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In business, a Chinese wall is an information barrier implemented within a firm to separate and isolate persons who make investment decisions from persons who are privy to undisclosed material information which may influence those decisions. This is a way of avoiding conflict of interest problems.
In general, all firms are required to develop, implement, and enforce reasonable policies and procedures to safeguard insider information and to ensure that no improper trading occurs. Although specific procedures are not mandated, adopted practices must be formalized in writing and be appropriate and sufficient. Procedures should address the following areas: education of employees, containment of inside information, restriction of transactions, and trading surveillance.
The term was popularized in the United States following the stock market crash of 1929, when the U.S. government legislated information separation between investment bankers and brokerage firms, in order to limit the conflict of interest between objective analysis of companies and the desire for successful initial public offerings. Rather than prohibiting one company from engaging in both businesses, the government permitted the implementation of Chinese wall procedures.
Objection to use of the phrase
At least one California judge has taken offense to the phrase Chinese Wall. In Peat, Marwick, Mitchell & Co. v. Superior Court 200 Cal.App.3d 272, 293–294, 245 Cal.Rptr. 873, 887–888 (1988), Presiding Justice Low wrote:
The term has an ethnic focus which many would consider a subtle form of linguistic discrimination. Certainly, the continued use of the term would be insensitive to the ethnic identity of the many persons of Chinese descent. Modern courts should not perpetuate the biases which creep into language from outmoded, and more primitive, ways of thought.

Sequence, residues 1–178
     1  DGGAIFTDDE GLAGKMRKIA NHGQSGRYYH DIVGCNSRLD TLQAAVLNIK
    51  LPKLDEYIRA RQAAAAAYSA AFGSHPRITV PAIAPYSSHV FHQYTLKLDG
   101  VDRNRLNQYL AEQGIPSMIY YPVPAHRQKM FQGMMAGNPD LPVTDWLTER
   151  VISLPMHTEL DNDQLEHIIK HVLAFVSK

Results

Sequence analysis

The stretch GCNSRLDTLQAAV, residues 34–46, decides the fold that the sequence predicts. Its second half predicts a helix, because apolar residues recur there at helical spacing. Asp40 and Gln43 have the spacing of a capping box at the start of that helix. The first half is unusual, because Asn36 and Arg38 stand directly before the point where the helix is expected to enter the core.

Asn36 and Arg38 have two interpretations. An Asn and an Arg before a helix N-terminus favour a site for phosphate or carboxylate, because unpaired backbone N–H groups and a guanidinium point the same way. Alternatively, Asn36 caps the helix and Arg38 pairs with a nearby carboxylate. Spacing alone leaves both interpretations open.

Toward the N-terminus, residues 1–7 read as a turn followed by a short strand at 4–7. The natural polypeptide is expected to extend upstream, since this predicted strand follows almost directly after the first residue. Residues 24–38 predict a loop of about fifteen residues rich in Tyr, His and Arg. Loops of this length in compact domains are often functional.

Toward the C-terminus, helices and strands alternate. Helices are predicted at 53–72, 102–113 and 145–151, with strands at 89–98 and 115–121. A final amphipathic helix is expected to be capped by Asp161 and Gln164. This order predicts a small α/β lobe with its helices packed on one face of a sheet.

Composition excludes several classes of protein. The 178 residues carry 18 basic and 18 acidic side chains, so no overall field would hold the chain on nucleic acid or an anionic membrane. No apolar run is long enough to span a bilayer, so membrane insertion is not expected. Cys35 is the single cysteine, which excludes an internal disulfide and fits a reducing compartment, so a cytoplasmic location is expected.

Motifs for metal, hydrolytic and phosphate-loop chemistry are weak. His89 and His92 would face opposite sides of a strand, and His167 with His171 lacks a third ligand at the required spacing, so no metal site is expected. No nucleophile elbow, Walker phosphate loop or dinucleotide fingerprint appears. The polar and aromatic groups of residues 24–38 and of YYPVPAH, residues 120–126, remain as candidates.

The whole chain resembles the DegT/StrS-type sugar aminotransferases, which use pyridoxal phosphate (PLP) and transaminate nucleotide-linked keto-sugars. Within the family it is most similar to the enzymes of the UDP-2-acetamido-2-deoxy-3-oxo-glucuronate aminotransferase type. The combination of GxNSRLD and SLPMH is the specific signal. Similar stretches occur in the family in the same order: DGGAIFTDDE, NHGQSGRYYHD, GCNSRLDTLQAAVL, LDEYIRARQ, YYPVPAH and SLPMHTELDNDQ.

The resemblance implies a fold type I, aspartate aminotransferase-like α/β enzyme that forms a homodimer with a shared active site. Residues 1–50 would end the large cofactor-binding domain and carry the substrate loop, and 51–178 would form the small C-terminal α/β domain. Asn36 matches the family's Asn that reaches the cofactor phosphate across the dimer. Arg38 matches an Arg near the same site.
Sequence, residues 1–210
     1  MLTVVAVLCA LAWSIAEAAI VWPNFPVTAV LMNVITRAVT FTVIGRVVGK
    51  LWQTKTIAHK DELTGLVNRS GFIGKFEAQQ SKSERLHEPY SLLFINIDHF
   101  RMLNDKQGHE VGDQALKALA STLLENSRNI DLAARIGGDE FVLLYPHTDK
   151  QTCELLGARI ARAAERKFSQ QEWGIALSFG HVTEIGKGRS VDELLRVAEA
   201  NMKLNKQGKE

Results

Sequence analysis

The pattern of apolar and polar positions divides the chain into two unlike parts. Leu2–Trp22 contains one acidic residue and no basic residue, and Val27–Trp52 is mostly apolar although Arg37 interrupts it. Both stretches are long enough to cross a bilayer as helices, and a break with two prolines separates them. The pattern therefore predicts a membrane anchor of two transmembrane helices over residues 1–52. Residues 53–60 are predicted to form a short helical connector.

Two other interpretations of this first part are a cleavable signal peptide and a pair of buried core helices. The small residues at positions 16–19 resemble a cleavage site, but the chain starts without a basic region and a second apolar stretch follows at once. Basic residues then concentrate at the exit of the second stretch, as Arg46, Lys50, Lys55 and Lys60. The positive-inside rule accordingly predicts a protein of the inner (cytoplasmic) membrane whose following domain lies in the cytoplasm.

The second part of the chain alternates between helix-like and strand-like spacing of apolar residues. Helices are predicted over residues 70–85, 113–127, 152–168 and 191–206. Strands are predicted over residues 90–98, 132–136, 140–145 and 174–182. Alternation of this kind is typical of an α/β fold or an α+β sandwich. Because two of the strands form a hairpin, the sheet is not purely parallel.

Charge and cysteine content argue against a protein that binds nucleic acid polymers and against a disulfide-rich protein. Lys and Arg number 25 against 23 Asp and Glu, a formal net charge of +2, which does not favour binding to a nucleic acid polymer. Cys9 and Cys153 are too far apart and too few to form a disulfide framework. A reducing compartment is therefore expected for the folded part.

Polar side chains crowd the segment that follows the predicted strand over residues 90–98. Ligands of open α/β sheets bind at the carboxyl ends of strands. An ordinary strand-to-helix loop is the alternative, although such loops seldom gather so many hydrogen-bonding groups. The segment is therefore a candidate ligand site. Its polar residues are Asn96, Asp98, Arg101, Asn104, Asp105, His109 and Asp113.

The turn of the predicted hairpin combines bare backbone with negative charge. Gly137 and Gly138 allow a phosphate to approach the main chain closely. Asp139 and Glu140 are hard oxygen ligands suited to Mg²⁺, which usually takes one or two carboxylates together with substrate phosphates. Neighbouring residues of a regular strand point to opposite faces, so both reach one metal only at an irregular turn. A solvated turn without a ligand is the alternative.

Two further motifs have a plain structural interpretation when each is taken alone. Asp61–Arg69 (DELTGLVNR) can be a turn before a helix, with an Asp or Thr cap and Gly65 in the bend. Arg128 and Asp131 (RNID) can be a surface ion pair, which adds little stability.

Alternative phrases include screen (screening), firewall, cone of silence, and ethical wall. Screen or the verb to screen is the preferred term under the American Bar Association (ABA) Model Rules of Professional Conduct, a code of legal ethics that has been highly influential throughout the jurisdictions of the United States.
A Chinese wall is most commonly employed in investment banks, between the corporate-advisory area and the brokering department in order to separate those giving corporate advice on takeovers from those advising clients about buying shares. The "wall" is thrown up to prevent leaks of corporate inside information, which could influence the advice given to clients making investments, and allow staff to take advantage of facts that are not yet known to the general public. The term "already over the wall" is a phrase used by equity research personnel to refer to rank-and-file personnel who operate without the Chinese Wall barrier at all times. Examples include members of the Chinese Wall department, most compliance personnel, attorneys and certain NYSE-licensed analysts. The term "over the wall" is used when an employee who is not normally privy to wall-guarded information has somehow obtained sensitive information. Breaches considered semi-accidental were typically not met with punitive action during the heyday of the "dot-com" era. These and other instances involving conflicts of interest were rampant during this era. A major scandal was exposed when it was discovered that research analysts were encouraged to blatantly publish dishonest positive analyses on companies in which they, or related parties, owned shares (see Global Settlement), or on companies that depended on the investment banking departments of the same research firms. The U.S. government has since passed laws strengthening the Chinese wall concept (e.g. Sarbanes-Oxley Act, Title V) with the desire to more carefully formalize and prevent such conflicts.